47. ^ COPELAND, JOHN (1945). "Some Effects of the Changes in the Federal Cabaret Tax in 1944". Proceedings of the Annual Conference on Taxation Under the Auspices of the National Tax Association. 38: 321–339. ISSN 2329-9045. JSTOR 23404801.
  48. ^ Hill, Constance Valis (2010). Tap dancing America : a cultural history. Internet Archive. New York, N.Y. : Oxford University Press. ISBN 978-0-19-539082-7.
  49. ^ Townsend, Charles. San Antonio Rose: The Life and Music of Bob Wills. University of Illinois Press, 1986. pages 240, 241. ISBN 978-0-252-01362-1
  50. ^ Billboard, January 30, 1954, p. 26
  51. ^ Billboard, October 15, 1955, p. 31.
  52. ^ Billboard, November 5, 1955, p. 17.
  53. ^ Marble, Freedom On My Mind, p. 57.
  54. ^ Lang, Smile When You Call Me a Hillbilly, p. 89.
  55. ^ Lang, p.63.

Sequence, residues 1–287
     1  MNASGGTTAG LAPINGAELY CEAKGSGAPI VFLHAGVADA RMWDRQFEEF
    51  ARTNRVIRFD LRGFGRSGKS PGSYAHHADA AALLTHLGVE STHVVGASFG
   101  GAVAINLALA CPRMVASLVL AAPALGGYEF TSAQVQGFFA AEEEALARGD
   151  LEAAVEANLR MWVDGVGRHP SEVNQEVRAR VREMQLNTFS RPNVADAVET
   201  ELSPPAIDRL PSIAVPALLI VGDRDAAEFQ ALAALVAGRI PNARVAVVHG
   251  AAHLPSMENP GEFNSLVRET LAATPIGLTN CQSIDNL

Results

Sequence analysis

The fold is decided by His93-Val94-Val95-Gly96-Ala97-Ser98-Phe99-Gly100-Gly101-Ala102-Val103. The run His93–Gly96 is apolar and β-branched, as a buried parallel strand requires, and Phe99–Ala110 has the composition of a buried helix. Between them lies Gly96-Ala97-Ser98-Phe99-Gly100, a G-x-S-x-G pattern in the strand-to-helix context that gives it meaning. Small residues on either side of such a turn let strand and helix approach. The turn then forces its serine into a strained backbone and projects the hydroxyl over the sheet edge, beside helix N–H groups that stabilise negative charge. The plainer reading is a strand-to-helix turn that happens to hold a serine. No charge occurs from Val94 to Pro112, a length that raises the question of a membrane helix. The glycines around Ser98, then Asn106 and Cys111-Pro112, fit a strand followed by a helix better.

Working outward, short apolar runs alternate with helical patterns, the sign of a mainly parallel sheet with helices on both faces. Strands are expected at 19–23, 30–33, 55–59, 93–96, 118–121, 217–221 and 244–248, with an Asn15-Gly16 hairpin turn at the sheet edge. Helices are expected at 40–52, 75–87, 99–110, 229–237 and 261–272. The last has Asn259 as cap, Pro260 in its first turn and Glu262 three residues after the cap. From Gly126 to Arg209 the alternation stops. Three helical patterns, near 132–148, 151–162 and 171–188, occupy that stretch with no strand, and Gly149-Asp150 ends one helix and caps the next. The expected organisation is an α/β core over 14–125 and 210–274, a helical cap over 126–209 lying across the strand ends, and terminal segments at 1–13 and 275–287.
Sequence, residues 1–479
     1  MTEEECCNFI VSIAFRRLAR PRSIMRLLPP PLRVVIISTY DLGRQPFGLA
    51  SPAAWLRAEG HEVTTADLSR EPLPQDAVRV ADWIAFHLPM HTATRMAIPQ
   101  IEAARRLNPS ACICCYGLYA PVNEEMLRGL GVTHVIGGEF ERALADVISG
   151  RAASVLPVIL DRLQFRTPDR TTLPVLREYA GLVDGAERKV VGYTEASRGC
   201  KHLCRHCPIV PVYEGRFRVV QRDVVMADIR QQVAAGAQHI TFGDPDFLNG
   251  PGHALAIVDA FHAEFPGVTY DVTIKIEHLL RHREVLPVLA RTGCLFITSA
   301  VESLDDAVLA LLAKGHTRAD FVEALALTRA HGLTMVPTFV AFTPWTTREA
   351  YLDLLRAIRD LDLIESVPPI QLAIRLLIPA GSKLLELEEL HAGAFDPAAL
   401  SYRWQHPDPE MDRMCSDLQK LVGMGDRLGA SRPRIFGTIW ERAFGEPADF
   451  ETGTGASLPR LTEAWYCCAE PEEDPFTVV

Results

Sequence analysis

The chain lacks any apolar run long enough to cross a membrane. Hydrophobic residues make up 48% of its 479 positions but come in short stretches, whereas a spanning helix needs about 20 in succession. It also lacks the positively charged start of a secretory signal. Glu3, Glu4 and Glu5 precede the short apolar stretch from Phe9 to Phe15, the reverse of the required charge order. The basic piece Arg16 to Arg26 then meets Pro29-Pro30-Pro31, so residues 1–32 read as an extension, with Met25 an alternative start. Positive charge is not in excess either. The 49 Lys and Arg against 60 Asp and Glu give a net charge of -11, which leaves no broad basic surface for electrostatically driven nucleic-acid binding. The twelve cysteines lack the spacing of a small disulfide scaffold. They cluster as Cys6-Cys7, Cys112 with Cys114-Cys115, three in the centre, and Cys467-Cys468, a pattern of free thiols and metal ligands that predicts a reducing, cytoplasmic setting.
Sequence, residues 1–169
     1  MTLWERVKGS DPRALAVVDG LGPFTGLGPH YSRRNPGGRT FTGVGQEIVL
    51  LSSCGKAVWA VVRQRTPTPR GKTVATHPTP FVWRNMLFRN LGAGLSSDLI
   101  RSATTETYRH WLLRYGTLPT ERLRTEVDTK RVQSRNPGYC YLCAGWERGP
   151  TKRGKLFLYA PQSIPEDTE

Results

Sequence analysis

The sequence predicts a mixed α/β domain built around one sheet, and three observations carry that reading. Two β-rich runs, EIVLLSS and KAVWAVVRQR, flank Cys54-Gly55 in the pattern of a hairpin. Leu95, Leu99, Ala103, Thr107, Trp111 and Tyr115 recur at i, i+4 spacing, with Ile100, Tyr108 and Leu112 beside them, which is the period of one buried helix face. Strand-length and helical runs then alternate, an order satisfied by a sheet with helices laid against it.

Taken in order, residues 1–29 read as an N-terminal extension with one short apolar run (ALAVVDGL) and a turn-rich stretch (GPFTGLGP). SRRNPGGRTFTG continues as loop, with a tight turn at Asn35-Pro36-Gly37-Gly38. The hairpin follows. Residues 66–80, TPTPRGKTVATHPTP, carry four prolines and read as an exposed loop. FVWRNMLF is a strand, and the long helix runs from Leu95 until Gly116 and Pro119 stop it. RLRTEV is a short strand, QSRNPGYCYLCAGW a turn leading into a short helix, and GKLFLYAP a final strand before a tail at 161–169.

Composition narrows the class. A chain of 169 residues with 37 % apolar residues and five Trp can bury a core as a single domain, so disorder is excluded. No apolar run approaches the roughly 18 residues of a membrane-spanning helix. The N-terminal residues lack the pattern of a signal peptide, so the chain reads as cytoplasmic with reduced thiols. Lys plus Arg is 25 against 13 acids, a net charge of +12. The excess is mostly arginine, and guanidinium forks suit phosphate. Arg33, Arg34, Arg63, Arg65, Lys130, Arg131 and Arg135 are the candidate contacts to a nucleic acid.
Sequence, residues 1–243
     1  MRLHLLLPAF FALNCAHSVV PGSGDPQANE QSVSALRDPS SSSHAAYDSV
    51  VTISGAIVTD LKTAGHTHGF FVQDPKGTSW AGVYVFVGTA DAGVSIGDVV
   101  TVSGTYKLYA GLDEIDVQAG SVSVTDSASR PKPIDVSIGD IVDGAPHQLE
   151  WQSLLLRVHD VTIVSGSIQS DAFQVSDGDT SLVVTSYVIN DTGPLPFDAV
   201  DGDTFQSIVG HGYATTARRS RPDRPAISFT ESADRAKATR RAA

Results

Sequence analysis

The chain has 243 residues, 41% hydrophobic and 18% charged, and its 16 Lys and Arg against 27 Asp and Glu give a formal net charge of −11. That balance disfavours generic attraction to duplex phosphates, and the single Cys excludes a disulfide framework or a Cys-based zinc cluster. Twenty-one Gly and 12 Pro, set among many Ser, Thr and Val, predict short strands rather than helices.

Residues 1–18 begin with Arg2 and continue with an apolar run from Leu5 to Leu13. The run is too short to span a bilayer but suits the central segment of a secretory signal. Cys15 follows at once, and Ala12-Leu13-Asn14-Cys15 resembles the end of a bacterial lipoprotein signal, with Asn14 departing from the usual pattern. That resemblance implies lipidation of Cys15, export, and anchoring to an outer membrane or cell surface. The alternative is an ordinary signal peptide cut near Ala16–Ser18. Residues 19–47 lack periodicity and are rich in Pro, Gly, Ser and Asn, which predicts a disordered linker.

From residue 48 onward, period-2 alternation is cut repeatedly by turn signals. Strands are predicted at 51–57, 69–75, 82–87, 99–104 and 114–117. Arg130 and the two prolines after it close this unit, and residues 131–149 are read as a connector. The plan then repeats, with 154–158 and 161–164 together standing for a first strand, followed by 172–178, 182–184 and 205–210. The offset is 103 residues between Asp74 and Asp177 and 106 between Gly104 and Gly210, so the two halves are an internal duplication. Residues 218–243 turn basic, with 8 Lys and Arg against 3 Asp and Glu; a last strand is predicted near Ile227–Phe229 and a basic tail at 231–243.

56. ^ Townsend, Charles R. San Antonio Rose - The Life and Music of Bob Wills (University of Illinois, 1976), p. 203. ISBN 978-0-252-00470-4
  57. ^ Proud to Be an Okie: Cultural Politics, Country Music, and Migration to Southern California. Peter La Chapelle. 2007. University of California Press. pages 81, 262. citing an article in National Hillbilly News, 1946. ISBN 9780520248892
  58. ^ "Archived copy". Archived from the original on September 28, 2007. Retrieved December 15, 2006.CS1 maint: archived copy as title (link)
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  65. ^ Popular Music in America: The Beat Goes On. Michael Campbell. page 119
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  67. ^ "A complete and up to the minute listing of dances, shows, festivals and events playing Western Swing music". Wswing.home.texas.net. Retrieved 9 June 2016.
  68. ^ The camp was profiled in a story that aired on July 21, 2010 on National Public Radio's Morning Edition program. Highlights, transcript, and audio links to NPR story on the Bobby Boatright Memorial Music Camp that aired 07/21/10
  69. ^ "Archived copy". Archived from the original on May 27, 2011. Retrieved May 11, 2012.CS1 maint: archived copy as title (link)
  70. ^ "82(R) SCR 35 - Enrolled version - Bill Text". Legis.state.tx.us. Retrieved 9 June 2016.
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External linksEdit